Cold yeast?

What went wrong? Was this supposed to happen? Should I throw it out? What do I do now?

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Cold yeast?

Postby HardcoreLegend » Sun Jan 12, 2003 11:12 am

I brewed an IPA yesterday and everything went very well. I aerated the wort, pitched the yeast, and left it at 3:30 Saturday. Today, I discovered that the temp in the basement was down to 58F due to a cold spell we are having here. So what should have been bubbling like crazy, wasn't doing much at all. I moved the fermenter into the upstairs bathroom, and it is now about 70F. Will this batch recover? Is there anything I can do to help? I used a WhiteLabs pitchable vial of California Ale Yeast.
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Leave it alone for a little longer

Postby jeff » Sun Jan 12, 2003 1:10 pm

If you have kept things clean, I wouldn
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Stir it up

Postby jayhawk » Sun Jan 12, 2003 5:39 pm

You might want to consider giving the brew a little stir. The yeast might have dropped to the bottom of the bucket and could probably use a hand getting back in to suspension. A yeast strain I use regularly (Wyeast 1968) is highly flocculant, and occasionally I have to give the batch a stir awhile after to pitching to kickstart things. Just a thought.

Chris
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Two things...

Postby Brewer2001 » Sun Jan 12, 2003 11:25 pm

"Hardcore"

I don't believe that yeast is 'pitchable' right out of the vial. The operative word is viability.
Think of this: yeast cells in a tube, cold and dormant (some dead, some unable to feed), no food. Drastic change: pitched in 'warm' wort, shock, too much food (yeast: "I will eat until I bust" and not reproduce).
My suggestion is to raise all yeast slurry to the required pitching volume. You can control the SG of the starter wort, temperature and repitch as required. I was suprised how fast that the yeast in the brewery took off, minimal lag time. That yeast was in prime condition (viability, pitch rate, wort oxigenation and temperature).

I would put my fermenter in the kitchen before choosing the bathroom. Bathrooms tend to harbor more bacteria and mold spores than other rooms in the house.

For the next brew make a yeast starter at a low SG, oxigenate the wort and pitch the correct 'amount' of yeast for the batch size and SG.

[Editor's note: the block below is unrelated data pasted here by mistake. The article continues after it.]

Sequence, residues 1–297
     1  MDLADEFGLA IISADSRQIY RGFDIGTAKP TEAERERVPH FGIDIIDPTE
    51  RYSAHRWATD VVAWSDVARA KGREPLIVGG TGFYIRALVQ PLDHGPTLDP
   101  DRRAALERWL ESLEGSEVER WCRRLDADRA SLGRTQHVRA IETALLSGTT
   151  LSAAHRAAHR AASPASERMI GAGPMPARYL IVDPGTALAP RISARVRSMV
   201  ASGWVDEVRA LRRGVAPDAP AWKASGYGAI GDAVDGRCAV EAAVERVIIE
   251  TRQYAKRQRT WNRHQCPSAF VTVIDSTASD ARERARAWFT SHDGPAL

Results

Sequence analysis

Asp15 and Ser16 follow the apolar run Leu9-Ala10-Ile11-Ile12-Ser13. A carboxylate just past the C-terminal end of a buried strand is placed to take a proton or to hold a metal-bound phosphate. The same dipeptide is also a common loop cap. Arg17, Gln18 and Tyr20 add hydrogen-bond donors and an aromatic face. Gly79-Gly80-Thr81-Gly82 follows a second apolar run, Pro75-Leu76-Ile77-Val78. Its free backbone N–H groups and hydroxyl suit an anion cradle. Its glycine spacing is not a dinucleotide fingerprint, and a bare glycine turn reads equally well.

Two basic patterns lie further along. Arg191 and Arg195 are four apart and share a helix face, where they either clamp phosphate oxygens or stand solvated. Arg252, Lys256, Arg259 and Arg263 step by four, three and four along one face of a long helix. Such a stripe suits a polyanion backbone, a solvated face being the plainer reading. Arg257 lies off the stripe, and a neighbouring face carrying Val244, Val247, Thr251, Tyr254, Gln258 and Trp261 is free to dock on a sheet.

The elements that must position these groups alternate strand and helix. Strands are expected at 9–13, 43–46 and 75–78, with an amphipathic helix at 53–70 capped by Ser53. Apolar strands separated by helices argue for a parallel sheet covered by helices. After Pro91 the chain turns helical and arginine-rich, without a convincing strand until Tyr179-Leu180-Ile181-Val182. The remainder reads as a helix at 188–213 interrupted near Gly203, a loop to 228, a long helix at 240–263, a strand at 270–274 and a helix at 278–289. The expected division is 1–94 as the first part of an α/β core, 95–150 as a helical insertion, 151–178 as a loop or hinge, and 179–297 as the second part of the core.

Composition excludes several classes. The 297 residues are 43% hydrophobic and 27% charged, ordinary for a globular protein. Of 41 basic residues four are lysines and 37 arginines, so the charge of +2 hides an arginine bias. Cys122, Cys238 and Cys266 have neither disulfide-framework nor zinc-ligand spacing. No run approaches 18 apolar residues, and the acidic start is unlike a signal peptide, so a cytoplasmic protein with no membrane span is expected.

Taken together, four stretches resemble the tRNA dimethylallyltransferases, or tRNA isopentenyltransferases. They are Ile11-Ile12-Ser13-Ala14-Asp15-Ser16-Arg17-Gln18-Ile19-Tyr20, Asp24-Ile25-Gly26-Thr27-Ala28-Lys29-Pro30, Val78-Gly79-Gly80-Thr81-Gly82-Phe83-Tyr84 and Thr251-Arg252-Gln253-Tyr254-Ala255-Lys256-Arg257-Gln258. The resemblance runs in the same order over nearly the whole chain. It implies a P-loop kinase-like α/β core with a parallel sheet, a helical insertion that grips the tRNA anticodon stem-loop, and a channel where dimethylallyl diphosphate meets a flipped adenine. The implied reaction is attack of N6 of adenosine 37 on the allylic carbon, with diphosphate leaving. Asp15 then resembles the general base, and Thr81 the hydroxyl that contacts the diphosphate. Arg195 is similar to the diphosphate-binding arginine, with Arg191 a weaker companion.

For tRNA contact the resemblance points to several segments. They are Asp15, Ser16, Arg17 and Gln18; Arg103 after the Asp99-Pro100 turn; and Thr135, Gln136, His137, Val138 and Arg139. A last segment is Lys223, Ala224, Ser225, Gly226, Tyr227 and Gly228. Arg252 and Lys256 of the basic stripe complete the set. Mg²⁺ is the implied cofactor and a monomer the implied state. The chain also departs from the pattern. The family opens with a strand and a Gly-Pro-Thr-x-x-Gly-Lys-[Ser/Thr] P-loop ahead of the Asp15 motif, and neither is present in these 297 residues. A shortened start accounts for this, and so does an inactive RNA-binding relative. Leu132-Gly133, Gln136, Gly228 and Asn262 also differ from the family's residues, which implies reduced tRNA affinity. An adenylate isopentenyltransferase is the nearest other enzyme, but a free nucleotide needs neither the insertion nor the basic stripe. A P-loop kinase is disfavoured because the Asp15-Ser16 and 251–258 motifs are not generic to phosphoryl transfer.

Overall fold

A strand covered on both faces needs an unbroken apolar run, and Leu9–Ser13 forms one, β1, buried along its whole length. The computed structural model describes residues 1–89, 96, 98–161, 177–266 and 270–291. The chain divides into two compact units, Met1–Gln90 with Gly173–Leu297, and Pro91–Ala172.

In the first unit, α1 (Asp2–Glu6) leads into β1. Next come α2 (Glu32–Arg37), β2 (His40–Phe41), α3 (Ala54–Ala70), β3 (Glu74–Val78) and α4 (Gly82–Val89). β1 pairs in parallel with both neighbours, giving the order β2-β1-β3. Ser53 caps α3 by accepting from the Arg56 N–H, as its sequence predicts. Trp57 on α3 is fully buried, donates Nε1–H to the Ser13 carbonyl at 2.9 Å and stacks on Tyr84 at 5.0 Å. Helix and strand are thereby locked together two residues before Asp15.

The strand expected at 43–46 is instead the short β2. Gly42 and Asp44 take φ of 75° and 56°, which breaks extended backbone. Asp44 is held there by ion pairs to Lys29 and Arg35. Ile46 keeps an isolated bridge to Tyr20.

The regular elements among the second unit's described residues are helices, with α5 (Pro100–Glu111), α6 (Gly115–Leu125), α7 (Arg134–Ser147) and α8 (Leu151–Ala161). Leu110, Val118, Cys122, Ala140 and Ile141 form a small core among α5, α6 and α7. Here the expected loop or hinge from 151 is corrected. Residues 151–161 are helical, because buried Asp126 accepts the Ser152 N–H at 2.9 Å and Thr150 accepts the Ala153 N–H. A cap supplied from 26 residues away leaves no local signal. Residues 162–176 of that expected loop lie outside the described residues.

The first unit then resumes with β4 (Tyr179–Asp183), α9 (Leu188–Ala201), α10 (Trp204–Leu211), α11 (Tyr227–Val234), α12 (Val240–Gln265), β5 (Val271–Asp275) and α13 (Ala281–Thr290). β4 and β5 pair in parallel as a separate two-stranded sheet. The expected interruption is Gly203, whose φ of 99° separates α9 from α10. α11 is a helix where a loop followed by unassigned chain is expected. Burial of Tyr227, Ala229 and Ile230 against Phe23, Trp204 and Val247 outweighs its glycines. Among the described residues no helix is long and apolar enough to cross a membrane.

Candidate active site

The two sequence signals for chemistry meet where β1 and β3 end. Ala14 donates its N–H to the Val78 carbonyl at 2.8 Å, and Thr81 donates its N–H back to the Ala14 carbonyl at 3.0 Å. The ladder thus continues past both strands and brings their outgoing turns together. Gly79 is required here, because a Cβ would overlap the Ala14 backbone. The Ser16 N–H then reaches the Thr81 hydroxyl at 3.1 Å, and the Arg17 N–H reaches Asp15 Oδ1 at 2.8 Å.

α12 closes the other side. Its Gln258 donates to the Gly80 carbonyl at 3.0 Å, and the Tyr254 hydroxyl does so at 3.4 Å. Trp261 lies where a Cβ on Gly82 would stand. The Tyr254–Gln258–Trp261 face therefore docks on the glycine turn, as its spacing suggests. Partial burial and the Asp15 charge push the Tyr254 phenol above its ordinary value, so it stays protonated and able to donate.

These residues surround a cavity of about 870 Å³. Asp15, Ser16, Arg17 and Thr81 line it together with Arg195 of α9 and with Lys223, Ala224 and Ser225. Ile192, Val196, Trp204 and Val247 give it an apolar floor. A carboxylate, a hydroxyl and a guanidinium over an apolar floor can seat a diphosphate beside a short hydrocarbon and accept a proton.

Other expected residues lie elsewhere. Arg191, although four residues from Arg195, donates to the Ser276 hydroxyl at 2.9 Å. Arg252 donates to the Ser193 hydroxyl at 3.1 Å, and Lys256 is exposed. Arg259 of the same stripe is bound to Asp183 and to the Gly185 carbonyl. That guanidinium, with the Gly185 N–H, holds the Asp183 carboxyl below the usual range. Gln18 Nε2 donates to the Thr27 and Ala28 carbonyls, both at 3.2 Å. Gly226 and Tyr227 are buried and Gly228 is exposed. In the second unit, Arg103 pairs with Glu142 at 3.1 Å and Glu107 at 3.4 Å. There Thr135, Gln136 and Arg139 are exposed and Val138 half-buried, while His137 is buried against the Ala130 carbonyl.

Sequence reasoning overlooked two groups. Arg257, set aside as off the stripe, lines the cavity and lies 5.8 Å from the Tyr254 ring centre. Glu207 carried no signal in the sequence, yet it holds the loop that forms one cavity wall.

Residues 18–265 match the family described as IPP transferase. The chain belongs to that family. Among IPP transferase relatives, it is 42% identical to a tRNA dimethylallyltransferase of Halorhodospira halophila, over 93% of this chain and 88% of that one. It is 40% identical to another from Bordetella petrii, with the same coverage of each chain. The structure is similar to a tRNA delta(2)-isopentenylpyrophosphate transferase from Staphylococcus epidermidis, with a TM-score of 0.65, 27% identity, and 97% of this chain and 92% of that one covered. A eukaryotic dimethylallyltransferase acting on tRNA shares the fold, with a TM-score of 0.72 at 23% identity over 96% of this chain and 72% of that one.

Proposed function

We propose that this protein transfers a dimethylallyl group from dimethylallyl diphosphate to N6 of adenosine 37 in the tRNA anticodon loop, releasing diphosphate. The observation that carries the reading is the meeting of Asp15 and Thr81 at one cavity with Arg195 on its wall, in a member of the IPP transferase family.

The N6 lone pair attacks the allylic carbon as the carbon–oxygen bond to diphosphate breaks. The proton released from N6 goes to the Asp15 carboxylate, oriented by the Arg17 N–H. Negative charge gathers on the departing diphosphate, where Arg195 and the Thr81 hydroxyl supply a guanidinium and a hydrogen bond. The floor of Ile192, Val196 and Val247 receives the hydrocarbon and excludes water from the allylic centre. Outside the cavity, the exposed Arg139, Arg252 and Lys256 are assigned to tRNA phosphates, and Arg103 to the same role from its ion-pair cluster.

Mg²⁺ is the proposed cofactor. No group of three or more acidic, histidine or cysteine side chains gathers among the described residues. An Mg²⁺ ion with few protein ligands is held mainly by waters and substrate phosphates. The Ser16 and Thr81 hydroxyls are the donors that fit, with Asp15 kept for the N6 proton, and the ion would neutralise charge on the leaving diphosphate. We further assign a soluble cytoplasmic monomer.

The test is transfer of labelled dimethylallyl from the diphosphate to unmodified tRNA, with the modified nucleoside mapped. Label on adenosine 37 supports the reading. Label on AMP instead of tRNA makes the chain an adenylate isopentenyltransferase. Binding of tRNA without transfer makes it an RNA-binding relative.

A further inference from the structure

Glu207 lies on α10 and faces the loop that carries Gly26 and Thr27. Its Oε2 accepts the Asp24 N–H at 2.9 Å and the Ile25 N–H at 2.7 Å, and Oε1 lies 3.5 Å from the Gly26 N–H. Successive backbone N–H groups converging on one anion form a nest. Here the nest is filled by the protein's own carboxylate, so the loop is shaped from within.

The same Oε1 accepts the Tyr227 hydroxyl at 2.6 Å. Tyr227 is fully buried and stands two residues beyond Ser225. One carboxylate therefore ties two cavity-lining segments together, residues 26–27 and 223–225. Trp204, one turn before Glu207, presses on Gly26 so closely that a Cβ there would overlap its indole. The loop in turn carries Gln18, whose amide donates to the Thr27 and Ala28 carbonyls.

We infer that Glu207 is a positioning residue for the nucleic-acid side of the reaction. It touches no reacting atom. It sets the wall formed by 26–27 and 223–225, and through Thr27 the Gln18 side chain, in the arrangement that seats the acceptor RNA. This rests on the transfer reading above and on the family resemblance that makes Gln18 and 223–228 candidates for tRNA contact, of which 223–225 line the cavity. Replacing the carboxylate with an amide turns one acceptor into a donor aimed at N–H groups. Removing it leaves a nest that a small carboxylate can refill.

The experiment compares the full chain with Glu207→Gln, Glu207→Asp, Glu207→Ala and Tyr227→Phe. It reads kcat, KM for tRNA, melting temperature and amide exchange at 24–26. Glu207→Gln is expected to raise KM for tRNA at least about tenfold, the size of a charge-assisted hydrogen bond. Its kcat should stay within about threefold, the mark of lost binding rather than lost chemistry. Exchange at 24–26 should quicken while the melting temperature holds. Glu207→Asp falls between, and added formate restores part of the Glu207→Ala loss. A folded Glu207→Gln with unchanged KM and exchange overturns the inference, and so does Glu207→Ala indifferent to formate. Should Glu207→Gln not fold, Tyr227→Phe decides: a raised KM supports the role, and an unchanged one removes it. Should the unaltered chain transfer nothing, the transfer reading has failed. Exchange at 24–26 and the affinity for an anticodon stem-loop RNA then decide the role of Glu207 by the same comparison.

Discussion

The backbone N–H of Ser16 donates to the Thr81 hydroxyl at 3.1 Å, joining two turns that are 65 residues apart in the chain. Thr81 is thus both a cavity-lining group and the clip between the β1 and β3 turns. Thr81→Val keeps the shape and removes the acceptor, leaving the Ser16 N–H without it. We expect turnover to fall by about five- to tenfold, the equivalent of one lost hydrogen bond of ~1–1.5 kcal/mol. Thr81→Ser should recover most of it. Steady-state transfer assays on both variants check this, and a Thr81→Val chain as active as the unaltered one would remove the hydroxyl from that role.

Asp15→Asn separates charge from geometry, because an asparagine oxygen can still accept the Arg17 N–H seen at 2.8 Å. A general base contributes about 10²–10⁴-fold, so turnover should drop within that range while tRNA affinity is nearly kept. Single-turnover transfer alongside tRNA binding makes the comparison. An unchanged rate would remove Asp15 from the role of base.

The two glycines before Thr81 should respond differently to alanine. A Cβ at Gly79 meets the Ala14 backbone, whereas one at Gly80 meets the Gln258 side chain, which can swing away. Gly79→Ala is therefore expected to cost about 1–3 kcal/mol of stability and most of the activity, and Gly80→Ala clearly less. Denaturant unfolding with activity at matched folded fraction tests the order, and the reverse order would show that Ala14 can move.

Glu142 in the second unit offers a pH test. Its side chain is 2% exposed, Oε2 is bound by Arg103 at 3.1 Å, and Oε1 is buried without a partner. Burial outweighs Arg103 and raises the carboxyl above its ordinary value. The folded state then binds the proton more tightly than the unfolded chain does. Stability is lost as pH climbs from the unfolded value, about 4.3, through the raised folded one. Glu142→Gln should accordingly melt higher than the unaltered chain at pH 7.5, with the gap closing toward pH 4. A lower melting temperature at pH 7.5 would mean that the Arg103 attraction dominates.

Good brewing,

Tom F.
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Thanks...but what now?

Postby HardcoreLegend » Mon Jan 13, 2003 5:03 am

OK guys. Within 24 hours of moving the fermenter to the upstairs, it is quite happily bubbling away. Only one problem I can see now. The temp upstairs is abot 72-74F, the temp in the lower level is currently about 66F. One seems too warm, the other too cool. What should I do? And remember, the fermenter is happy right now. Nice bubbles, happy critters.
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water bath

Postby fitz » Mon Jan 13, 2003 5:29 am

If you have the room, you can run a tub of water, and let it get to the desired temp and place the fermenter in the water. Place a couple towels over the top and down into the water. The water will insulate the fermenter so the temp doesn't flucuate. It will slow the rise of the temp in the fermenter until the fermentatin is complete. Once you get it fermented and carbonated, put it in the basement to clear. The cold will make it clear quicker.
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66F is fine

Postby Gravity Thrills » Mon Jan 13, 2003 7:01 am

As long as that 66F is more or less stable, the yeast strain you are using will do fine there, and should produce a very clean tasting beer. I regularly ferment the Wyeast equivalent (the ubiquitous 1056) at 64-66F with great results.

Cheers,
Jim
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Thanks!

Postby HardcoreLegend » Mon Jan 13, 2003 7:05 am

Thanks Jim! I needed a vote of confidence that it was OK to move the fermenter back to 66F now that active fermentation had begun. Do you think it will extend the fermentation at all?
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couple of days

Postby Gravity Thrills » Mon Jan 13, 2003 11:36 am

My active primary fermentation at that temperature is generally 3-5 days
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